New Zealandâ€™s ASB Bank Takes Stake in Trade Finance Blockchain Startup
A New Zealand bank has invested a â€œsignificantâ€� amount in aÂ startup working to put trade finance on a blockchain.
Announced Tuesday, ABS Bank â€“ an institution owned by the Commonwealth Bank of Australia â€“ said it backed the TradeWindow platform after taking part in a pilot utilizing its tech to carry outÂ a trade between a Korean importer and a New Zealand meat exporter last year.
A.J. Smith, founder and CEO ofÂ TradeWindow said the undisclosed investment means his firm is one of the first tech companies in the country to backed directly by a New Zealand bank.
â€œThe decision by ASB to invest in TradeWindow is a great vote of confidence. The bank is committed to accelerating the progress of New Zealandâ€™s trade environment using new technology and recognises the potential our product has to streamline trading between Kiwi exporters and the rest of the world,â€� Smith said.
The firm said the funding will be used to â€œfast-trackâ€� development of its platform.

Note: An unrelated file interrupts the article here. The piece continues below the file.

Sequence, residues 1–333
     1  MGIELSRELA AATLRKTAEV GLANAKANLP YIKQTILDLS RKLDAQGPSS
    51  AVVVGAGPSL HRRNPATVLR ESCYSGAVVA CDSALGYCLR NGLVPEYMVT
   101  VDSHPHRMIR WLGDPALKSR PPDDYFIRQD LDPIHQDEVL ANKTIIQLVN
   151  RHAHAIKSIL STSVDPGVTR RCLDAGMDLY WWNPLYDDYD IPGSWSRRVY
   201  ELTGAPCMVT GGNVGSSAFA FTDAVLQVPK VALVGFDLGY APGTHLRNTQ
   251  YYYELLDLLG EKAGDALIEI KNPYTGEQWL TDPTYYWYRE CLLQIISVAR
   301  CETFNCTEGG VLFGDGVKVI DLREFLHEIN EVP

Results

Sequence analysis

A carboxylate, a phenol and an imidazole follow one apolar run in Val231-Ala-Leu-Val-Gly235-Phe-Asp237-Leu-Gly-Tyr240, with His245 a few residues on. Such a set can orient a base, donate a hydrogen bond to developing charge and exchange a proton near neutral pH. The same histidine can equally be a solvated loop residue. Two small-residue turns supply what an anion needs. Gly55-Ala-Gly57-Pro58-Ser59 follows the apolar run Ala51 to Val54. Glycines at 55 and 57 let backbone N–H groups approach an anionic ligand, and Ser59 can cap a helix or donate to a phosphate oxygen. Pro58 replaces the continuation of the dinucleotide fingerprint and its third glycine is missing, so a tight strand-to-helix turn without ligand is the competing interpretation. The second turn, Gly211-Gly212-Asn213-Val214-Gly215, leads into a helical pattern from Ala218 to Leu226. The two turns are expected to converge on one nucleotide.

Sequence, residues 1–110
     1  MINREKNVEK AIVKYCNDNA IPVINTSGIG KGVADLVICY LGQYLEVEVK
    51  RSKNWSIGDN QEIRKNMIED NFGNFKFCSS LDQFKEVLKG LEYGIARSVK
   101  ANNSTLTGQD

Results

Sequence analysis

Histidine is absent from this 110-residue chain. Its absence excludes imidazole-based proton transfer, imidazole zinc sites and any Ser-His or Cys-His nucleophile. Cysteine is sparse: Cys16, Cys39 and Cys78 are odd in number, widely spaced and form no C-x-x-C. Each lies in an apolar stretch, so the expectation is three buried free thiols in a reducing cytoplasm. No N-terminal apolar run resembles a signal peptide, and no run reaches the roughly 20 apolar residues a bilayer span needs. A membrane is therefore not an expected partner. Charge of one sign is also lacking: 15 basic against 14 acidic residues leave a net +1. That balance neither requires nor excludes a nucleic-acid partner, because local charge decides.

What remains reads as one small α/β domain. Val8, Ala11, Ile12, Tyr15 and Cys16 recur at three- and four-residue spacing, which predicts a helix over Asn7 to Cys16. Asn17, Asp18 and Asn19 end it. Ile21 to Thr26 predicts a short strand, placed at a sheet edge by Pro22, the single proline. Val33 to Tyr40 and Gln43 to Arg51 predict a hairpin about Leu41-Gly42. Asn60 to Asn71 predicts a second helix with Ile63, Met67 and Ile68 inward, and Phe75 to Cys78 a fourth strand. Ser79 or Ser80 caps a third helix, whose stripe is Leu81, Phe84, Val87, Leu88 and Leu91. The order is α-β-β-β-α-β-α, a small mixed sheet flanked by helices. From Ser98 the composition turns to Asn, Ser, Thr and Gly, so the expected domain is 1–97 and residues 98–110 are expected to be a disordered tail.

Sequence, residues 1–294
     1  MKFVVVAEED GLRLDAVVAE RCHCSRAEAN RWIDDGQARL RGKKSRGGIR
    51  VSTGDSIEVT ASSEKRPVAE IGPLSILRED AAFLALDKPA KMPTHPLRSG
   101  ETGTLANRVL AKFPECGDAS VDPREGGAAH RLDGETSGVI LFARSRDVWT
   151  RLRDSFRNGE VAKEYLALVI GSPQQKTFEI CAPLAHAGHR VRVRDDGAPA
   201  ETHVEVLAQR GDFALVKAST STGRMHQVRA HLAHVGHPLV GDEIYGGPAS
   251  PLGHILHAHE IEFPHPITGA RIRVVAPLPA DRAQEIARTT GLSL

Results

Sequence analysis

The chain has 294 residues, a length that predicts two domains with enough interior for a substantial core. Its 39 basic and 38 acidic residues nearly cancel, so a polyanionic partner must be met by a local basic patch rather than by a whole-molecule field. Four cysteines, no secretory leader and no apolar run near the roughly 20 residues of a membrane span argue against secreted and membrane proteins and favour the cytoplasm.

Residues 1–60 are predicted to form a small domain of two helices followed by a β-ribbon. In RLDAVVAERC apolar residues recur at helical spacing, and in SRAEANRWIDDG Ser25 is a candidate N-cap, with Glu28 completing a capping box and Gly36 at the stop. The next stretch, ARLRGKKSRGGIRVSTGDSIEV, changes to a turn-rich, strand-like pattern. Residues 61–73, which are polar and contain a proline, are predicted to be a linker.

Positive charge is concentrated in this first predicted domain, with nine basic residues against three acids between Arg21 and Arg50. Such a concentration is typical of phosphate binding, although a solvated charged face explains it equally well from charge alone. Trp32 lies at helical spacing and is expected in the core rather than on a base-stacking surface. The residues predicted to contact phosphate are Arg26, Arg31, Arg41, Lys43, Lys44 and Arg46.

TradeWindow uses distributed ledger technology to create a â€œsingle trading windowâ€� that provides real-time insight into a trade for all participants. Changes to data can only be made â€œwith the consensus of the majority of the network,â€� the firm said, meaning the risk of fraud and cyberattacks are greatly reduced.
The most immediate benefit for clients, though, according to Smith, is the greater efficiencies and lower costs brought about by the real-time sharing of documentation. Currently, this is â€œcouriered at significant costâ€� between all trade participants, he said.
As part of the funding deal, Nigel Annett, executive general manager of corporate banking at ASB Bank, will join TradeWindowâ€™sÂ board.
â€œWhat began as collaboration through ASBâ€™s innovation programme to solve a customer problem, is now a fully-fledged business ready to launch,â€� Annett said.
TradeWindow is said to be finalizing partnerships that will see it acquire two New Zealand-based export companies, as well as having more pilot schemes in the pipeline.
Ship and containers image via Shutterstock